ELBERT COUNTY, Colo. — Getting shots into arms is slowing down, with data from the Colorado Department of Public Health and Environment showing a 15% drop in vaccination rates last week compared to the week before.
Elbert County is among Colorado's top five counties with the lowest vaccination rates.
The five least vaccinated counties in Colorado include Crowley County, where 17% of the county population is vaccinated, Bent County at 18%, Washington County at 27%, Cheyenne County at 28% and Elbert County at 28%.
Dwayne Smith, the Public Health Director for Elbert County, said vaccine hesitancy is very high in rural communities.
There are currently four approved vaccine providers in the county serving a population of 27,000, and only about 7,500 people are vaccinated.
The first COVID-19 vaccine was administered in Colorado in early December, but the first shot in Elbert County happened on Feb. 2. Smith said factors include vaccine allocation, limited staffing and refrigeration storage.
To get more shots into arms, Elbert County Department of Health and Human Services partnered with the Elizabeth Fire Department.
“Folks may feel more comfortable going to the fire department than to local public health to get their vaccine or test,” Smith said.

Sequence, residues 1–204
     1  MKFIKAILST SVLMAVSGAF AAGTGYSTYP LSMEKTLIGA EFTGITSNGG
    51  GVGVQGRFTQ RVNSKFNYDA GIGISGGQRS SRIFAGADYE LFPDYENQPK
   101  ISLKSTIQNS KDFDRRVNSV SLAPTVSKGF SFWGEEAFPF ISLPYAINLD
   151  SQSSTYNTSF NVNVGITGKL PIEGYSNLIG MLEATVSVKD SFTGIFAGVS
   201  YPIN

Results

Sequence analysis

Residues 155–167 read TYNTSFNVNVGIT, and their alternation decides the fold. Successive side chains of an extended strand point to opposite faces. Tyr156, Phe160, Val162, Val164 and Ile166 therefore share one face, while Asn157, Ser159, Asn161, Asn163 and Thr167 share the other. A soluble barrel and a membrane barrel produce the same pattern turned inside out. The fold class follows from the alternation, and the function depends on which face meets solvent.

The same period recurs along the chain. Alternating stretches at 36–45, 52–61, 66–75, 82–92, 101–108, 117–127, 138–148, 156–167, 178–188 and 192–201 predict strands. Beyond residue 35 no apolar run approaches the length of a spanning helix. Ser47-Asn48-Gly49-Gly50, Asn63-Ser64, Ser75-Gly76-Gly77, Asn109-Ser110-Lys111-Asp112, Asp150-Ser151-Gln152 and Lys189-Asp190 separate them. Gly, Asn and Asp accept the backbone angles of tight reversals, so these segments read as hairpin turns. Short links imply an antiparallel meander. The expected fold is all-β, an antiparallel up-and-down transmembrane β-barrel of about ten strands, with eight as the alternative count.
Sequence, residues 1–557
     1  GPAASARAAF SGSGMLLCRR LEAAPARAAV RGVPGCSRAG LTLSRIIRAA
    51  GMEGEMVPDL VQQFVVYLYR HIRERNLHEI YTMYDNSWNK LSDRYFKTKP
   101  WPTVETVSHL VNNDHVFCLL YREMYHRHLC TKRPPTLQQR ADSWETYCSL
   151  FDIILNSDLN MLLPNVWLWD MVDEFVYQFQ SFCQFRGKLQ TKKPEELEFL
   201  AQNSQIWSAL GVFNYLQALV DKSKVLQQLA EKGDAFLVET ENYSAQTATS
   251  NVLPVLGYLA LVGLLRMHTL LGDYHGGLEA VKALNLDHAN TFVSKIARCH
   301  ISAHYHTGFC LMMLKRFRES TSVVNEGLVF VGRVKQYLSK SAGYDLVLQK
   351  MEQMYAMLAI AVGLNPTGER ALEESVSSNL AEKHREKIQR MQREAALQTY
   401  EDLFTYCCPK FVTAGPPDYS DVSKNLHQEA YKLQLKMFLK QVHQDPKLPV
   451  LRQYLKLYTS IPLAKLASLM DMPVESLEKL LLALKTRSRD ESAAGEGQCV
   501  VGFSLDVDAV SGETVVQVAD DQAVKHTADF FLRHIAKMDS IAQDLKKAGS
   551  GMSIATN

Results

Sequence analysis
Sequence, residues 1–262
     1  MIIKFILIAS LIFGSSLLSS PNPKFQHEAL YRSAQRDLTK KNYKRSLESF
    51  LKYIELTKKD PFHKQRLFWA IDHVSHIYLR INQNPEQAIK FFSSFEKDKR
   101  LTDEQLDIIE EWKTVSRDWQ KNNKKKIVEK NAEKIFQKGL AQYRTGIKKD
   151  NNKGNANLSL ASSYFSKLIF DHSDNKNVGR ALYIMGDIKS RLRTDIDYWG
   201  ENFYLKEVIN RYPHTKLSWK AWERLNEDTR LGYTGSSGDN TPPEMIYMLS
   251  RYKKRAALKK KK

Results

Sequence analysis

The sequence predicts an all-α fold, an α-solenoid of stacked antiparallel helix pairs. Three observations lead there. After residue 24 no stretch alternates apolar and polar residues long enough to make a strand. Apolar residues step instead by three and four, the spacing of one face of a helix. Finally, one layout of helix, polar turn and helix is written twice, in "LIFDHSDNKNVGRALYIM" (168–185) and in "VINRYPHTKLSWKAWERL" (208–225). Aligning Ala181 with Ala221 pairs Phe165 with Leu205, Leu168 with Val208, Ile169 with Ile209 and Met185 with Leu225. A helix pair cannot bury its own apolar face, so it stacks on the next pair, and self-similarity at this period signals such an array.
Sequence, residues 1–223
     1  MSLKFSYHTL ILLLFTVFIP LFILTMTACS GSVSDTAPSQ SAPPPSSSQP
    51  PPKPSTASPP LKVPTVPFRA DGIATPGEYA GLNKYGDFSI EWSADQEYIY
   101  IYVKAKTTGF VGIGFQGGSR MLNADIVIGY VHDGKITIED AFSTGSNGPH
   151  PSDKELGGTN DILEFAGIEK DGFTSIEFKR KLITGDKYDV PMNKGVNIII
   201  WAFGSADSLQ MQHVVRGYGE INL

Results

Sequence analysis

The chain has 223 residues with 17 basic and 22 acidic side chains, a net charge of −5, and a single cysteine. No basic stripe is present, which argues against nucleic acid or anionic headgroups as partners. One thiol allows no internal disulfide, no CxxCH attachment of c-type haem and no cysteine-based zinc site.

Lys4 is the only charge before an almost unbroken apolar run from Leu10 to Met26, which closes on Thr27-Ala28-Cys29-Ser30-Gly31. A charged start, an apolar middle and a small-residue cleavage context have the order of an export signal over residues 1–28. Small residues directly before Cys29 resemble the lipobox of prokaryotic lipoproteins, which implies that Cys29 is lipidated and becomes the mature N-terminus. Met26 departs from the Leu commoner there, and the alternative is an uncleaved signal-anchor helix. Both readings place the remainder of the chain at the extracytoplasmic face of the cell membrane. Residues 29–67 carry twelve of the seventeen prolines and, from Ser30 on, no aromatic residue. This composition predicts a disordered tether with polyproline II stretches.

Smith blames shot hesitancy on misinformation on social media, political stance, local and federal government distrust and, in part, the Johnson & Johnson vaccine pause.
“That put us further behind the eight ball,” Smith said.
The Elbert County Department of Health and Human Services is working to dispel misinformation to get more Coloradans to roll up their sleeves by providing vaccine information online. The county is also working with local and state health agencies, but Smith admits it’s an uphill battle.
“To think that in rural communities we are going to reach 90% of folks with vaccinations is unrealistic,” Smith said. “We are probably looking at, best case scenario, something between 50 and 60%.”
Outside the Safeway in the town of Elizabeth, Tayler Kane loaded up her car with groceries. She admitted she hasn’t been vaccinated. Kane said she was initially hesitant because she was pregnant, and not much has changed since she gave birth five weeks ago.
“I don’t know if it’s really for me. Definitely need a lot more information — it’s too new, I think,” Kane said.
Mike Mosher feels the rollout was simply too quick, and he doesn’t trust the vaccine manufacturers.
“Completely against it [the vaccine],” Mosher said. “I stay pretty healthy, so I don’t even take the flu shot.”
Kristina Jensen was on the fence for months, but after weighing her options, she signed up and received her first dose.
“A lot of people say, 'Wait until everybody else gets it. Then, I’ll be okay,' but it’s our responsibility, I think, to go ahead and do it,” Jensen said.
Bob Kohl was driving through the small town of Elizabeth when he stopped at the supermarket. He’s from Aurora and said he’s fully vaccinated.
“I think they are crazy,” Kohl said.
In a press conference on Tuesday, Gov. Jared Polis called the vaccination slowdown a “hesitancy or laziness issue."
Vaccination appointments are more accessible than ever, and appointments are available on the Elbert County website.
“The vaccines are safe, effective, they have gone through a rigorous testing protocol," Smith said. “We encourage folks to look at the science behind the testing.”
While getting a shot is a personal choice, experts say it’s the only path to return to a somewhat normal life.